Beware Living Trust Scams
Florida A&M Marching 100 Drum Major Robert Champion during a performance at halftime of the game against Howard University at Bragg Memorial Stadium on Oct. 8, 2011 in Tallahassee, Florida. Champion became ill and died after a game on November 19, 2011. (AP Photo/Don Juan Moore)
"I got three or four bouquets of flowers," she says.
Beware, she says, of a salesman bearing gifts.
"Then another time, I got some candy and then the slab of smoked salmon," she adds.
According to CBS News Correspondent John Blackstone, it all came from a man selling living trusts, an increasingly popular way for many people to arrange their finances.
"It was a year before I found out it was a scam," says Napier.
Often a living trust can be a more efficient and less costly alternative to a will. But scam artists are using living trusts to fleece the trusting.
"We think 10,000 people were swindled in that way," says Bill Lockyer, California's attorney general.
According to Lockyer, just one company, The Alliance for Mature Americans, took millions from the elderly.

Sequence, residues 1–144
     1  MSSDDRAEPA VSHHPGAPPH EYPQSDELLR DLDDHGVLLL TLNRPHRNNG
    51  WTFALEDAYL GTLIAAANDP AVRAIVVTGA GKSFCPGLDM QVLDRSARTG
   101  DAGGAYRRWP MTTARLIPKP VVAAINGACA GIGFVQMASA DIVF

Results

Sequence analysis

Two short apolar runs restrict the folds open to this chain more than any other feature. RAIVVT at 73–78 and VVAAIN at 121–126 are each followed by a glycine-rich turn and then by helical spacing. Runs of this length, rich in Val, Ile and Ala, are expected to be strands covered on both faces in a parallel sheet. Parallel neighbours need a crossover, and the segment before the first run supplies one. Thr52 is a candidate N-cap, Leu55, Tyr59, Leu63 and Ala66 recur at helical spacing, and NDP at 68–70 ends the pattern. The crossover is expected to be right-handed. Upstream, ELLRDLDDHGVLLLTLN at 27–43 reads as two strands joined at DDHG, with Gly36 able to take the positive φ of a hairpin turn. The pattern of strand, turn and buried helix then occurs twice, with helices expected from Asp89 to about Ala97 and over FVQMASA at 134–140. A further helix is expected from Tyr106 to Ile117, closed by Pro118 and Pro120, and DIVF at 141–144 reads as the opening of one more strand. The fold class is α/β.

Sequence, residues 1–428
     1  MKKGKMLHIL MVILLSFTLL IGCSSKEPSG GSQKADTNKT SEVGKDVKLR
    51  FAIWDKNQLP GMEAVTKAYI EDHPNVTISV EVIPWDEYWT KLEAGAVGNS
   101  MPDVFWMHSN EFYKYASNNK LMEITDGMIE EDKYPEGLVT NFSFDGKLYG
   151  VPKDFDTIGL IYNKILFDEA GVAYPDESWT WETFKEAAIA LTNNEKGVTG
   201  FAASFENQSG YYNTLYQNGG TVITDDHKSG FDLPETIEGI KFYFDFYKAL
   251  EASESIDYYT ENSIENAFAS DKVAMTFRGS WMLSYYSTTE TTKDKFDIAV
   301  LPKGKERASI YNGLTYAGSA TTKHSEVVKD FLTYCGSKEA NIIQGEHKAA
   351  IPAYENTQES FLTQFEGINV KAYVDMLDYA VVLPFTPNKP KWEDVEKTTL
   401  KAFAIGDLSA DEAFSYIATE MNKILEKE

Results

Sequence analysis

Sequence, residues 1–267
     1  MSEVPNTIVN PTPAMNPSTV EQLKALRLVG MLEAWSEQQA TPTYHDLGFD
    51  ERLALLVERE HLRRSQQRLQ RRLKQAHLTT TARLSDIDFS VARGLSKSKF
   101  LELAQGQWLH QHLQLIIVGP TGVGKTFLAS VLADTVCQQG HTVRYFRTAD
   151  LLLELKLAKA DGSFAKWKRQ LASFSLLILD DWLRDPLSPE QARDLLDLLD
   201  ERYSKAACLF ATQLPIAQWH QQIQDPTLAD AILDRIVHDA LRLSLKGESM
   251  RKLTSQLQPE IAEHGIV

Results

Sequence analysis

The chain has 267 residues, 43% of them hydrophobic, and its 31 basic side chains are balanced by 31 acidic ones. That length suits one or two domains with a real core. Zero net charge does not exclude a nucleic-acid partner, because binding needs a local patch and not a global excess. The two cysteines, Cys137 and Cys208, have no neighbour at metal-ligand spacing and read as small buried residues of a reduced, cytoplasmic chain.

"At first it seemed we were on a very honorable mission," says George Hoffman, a former living trust salesman.
George Hoffman worked briefly for the company and says clients were made to reveal everything about their finances in a questionnaire.
"It was called, affectionately called, a 'smoke sheet' and it was designed to smoke out the funds these people had in their retirement plans and savings accounts and whatever," says Hoffman.
The Alliance's own training film showed salesmen how to gather that confidential information.
"We will draw up letters of instruction to banks, brokerage houses and financial institutions," said the training video.
Armed with all the details, salesmen would then convince the elderly their savings were not safe.
Such an Alliance salesman sent all the gifts to Uela Napier and talked her into moving her money into an annuity he claimed paid 6.5 percent.
"It was a real good rate. But I never got a dime," says Napier.
California's Attorney General closed down the Alliance for Mature Americans and in December won a $200 million settlement.
George Hoffman testified against the company and its salesmen.
"They see taking money from the seniors as a lot easier than doing something else like robbing banks," he said.
The lesson that Uela Napier learned: If considering a living trust, be careful who you trust.
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